PubMed Abstract | CrossRef Full Text | Google Scholar

Dejmek, J., Dib, K., Jönsson, M., and Andersson, T. (2003). Wnt-5a and G-protein signaling are required for collagen-induced DDR1 receptor activation and normal mammary cell adhesion. Int. J. Cancer 103, 344–351. doi: 10.1002/ijc.10752

PubMed Abstract | CrossRef Full Text | Google Scholar

Dejmek, J., Leandersson, K., Manjer, J., Bjartell, A., Emdin, S. O., Vogel, W. F., et al. (2005). Expression and signaling activity of Wnt-5a/discoidin domain receptor-1 and Syk plays distinct but decisive roles in breast cancer patient survival. Clin. Cancer Res. 11(2Pt1), 520–528.

Google Scholar

Deng, Y., Zhao, F., Hui, L., Li, X., Zhang, D., Lin, W., et al. (2017). Suppressing miR-199a-3p by promoter methylation contributes to tumor aggressiveness and cisplatin resistance of ovarian cancer through promoting DDR1 expression. J. Ovarian Res. 10:50. doi: 10.1186/s13048-017-0333-4

PubMed Abstract | CrossRef Full Text | Google Scholar

Du, Z., and Lovly, C. M. (2018). Mechanisms of receptor tyrosine kinase activation in cancer. Mol. Cancer 17:58. doi: 10.1186/s12943-018-0782-4

PubMed Abstract | CrossRef Full Text | Google Scholar

Emens, L. A. (2018). Breast cancer immunotherapy: facts and hopes. Clin. Cancer Res. 24, 511–520. doi: 10.1158/1078-0432.CCR-16-3001

PubMed Abstract | CrossRef Full Text | Google Scholar

Fan, Y., Xu, Z., Fan, J., Huang, L., Ye, M., Shi, K., et al. (2016). Prognostic significance of discoidin domain receptor 2 (DDR2) expression in ovarian cancer. Prognostic significance of discoidin domain receptor 2 (DDR2) expression in ovarian cancer. Am. J. Transl. Res. 8, 2845–2850.

Google Scholar

Gadiya, M., and Chakraborty, G. (2018). Signaling by discoidin domain receptor 1 in cancer metastasis. Cell Adh. Migr. 12, 315–323. doi: 10.1080/19336918.2018.1520556

PubMed Abstract | CrossRef Full Text | Google Scholar

Gao, Y., Zhou, J., and Li, J. (2021). Discoidin domain receptors orchestrate cancer progression: a focus on cancer therapies. Cancer Sci. 112, 962–969. doi: 10.1111/cas.14789

PubMed Abstract | CrossRef Full Text | Google Scholar

Ghosh, S., Marrocco, I., and Yarden, Y. (2020). Roles for receptor tyrosine kinases in tumor progression and implications for cancer treatment. Adv. Cancer Res. 147, 1–57. doi: 10.1016/bs.acr.2020.04.002

PubMed Abstract | CrossRef Full Text | Google Scholar

Gonzalez, M. E., Martin, E. E., Anwar, T., Arellano-Garcia, C., Medhora, N., Lama, A., et al. (2017). Mesenchymal stem Cell-Induced DDR2 mediates stromal-breast cancer interactions and metastasis growth. Cell. Rep. 18, 1215–1228. doi: 10.1016/j.celrep.2016.12.079

PubMed Abstract | CrossRef Full Text | Google Scholar

Griffith, O. L., Spies, N. C., Anurag, M., Griffith, M., Luo, J., Tu, D., et al. (2018). The prognostic effects of somatic mutations in ER-positive breast cancer. Nat. Commun. 9:3476. doi: 10.1038/s41467-018-05914-x

PubMed Abstract | CrossRef Full Text | Google Scholar

Grither, W. R., and Longmore, G. D. (2018). Inhibition of tumor-microenvironment interaction and tumor invasion by small-molecule allosteric inhibitor of DDR2 extracellular domain. Proc. Natl. Acad. Sci. U.S.A. 115, E7786–E7794. doi: 10.1073/pnas.1805020115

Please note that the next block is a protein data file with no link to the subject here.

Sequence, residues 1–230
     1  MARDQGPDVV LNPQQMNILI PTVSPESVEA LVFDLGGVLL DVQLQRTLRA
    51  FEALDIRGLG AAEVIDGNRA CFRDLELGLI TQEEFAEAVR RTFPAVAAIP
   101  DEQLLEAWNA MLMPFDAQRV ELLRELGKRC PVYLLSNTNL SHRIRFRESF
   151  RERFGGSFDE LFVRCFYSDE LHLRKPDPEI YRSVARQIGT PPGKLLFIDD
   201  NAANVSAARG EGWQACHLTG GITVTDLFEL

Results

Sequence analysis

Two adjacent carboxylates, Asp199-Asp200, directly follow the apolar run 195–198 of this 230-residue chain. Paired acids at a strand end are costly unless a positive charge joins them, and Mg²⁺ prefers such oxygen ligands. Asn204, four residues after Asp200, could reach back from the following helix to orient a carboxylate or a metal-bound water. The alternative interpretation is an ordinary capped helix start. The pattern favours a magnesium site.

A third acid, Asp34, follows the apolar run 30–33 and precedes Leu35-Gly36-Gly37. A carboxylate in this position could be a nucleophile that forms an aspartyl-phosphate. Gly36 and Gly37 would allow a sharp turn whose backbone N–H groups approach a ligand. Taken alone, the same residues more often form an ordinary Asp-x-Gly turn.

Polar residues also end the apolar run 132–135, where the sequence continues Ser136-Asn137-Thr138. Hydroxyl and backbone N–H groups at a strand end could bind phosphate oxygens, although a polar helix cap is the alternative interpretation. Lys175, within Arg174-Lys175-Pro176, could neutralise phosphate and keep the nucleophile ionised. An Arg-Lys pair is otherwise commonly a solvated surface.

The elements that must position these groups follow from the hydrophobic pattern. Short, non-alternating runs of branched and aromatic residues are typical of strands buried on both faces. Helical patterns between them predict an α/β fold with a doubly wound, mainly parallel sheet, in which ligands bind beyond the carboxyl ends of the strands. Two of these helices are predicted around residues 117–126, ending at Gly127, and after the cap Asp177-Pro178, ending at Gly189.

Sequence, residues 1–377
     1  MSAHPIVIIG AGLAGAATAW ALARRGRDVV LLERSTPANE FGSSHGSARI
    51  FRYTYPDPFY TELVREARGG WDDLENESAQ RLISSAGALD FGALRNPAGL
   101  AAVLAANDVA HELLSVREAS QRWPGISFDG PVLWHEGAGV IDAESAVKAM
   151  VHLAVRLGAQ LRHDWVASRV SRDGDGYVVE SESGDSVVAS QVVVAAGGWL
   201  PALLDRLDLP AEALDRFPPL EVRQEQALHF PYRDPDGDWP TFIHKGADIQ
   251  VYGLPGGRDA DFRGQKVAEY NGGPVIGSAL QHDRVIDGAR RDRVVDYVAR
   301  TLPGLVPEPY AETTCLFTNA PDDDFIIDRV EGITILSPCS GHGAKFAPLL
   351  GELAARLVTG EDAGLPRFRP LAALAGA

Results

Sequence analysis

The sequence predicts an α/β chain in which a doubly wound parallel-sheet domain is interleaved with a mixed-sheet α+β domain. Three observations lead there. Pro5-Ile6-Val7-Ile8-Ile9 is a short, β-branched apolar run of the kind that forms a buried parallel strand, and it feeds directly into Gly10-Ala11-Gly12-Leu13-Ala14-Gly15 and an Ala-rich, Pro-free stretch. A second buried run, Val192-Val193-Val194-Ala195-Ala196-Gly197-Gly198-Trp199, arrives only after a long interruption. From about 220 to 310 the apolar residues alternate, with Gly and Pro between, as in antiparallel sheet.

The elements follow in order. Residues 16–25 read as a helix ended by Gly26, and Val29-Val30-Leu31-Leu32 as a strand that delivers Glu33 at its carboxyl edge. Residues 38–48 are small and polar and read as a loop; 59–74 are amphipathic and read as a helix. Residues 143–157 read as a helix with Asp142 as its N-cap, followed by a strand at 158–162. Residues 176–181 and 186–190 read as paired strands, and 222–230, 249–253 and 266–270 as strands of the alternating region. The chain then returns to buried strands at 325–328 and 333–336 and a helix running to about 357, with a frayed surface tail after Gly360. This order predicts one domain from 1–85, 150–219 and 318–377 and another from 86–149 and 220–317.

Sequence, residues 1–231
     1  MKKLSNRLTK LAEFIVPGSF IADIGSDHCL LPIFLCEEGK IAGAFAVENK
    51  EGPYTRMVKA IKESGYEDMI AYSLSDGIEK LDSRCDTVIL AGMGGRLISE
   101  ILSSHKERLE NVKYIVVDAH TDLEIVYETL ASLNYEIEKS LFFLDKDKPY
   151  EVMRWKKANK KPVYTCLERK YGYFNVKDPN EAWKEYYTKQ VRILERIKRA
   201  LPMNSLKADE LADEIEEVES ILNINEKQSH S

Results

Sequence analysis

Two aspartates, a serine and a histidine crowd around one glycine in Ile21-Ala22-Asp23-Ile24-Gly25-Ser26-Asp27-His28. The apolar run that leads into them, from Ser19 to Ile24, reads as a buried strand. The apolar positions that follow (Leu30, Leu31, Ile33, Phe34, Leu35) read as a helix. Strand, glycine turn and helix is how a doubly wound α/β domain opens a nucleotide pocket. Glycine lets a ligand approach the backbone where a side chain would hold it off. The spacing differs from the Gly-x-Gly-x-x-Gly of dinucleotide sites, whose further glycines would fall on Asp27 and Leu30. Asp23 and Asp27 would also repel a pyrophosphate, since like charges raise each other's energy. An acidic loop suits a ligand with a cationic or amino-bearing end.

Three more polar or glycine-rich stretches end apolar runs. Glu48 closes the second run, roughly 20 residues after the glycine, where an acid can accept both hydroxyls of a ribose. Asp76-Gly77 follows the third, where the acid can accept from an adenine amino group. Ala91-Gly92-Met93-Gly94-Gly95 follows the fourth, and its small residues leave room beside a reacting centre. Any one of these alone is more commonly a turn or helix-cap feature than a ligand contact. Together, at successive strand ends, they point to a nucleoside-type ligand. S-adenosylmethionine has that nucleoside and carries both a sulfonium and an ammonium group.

PubMed Abstract | CrossRef Full Text | Google Scholar

Grither, W. R., Divine, L. M., Meller, E. H., Wilke, D. J., Desai, R. A., Loza, A. J., et al. (2018). TWIST1 induces expression of discoidin domain receptor 2 to promote ovarian cancer metastasis. Oncogene 37, 1714–1729. doi: 10.1038/s41388-017-0043-9

PubMed Abstract | CrossRef Full Text | Google Scholar

Hansen, C., Greengard, P., Nairn, A. C., Andersson, T., and Vogel, W. F. (2006). Phosphorylation of DARPP-32 regulates breast cancer cell migration downstream of the receptor tyrosine kinase DDR1. Exp. Cell Res. 312, 4011–4018. doi: 10.1016/j.yexcr.2006.09.003

PubMed Abstract | CrossRef Full Text | Google Scholar

Heinzelmann-Schwarz, V. A., Gardiner-Garden, M., Henshall, S. M., Scurry, J., Scolyer, R. A., Davies, M. J., et al. (2004). Overexpression of the cell adhesion molecules DDR1, Claudin 3, and Ep-CAM in metaplastic ovarian epithelium and ovarian cancer. Clin. Cancer Res. 10, 4427–4436. doi: 10.1158/1078-0432.CCR-04-0073

PubMed Abstract | CrossRef Full Text | Google Scholar

Henriet, E., Sala, M., Abou Hammoud, A, Tuariihionoa, A., Di Martino, J, Ros, M., et al. (2018). Multitasking discoidin domain receptors are involved in several and specific hallmarks of cancer. Cell Adh. Migr. 12, 363–377. doi: 10.1080/19336918.2018.1465156

PubMed Abstract | CrossRef Full Text | Google Scholar

Hidalgo-Carcedo, C., Hooper, S., Chaudhry, S. I., Williamson, P., Harrington, K., Leitinger, B., et al. (2011). Collective cell migration requires suppression of actomyosin at cell-cell contacts mediated by DDR1 and the cell polarity regulators Par3 and Par6. Nat. Cell Biol. 13, 49–58. doi: 10.1038/ncb2133

PubMed Abstract | CrossRef Full Text | Google Scholar

Huang, H., Svoboda, R. A., Lazenby, A. J., Saowapa, J., Chaika, N., Ding, K., et al. (2016). Up-regulation of N-cadherin by collagen i-activated discoidin domain receptor 1 in pancreatic cancer requires the adaptor molecule shc1. J. Biol. Chem. 291, 23208–23223. doi: 10.1074/jbc.M116.740605

PubMed Abstract | CrossRef Full Text | Google Scholar

Insua-Rodríguez, J., and Oskarsson, T. (2016). The extracellular matrix in breast cancer. Adv. Drug Deliv. Rev. 97, 41–55. doi: 10.1016/j.addr.2015.12.017

PubMed Abstract | CrossRef Full Text | Google Scholar

Itoh, Y. (2018). Discoidin domain receptors: microenvironment sensors that promote cellular migration and invasion. Cell Adh. Migr. 12, 378–385. doi: 10.1080/19336918.2018.1460011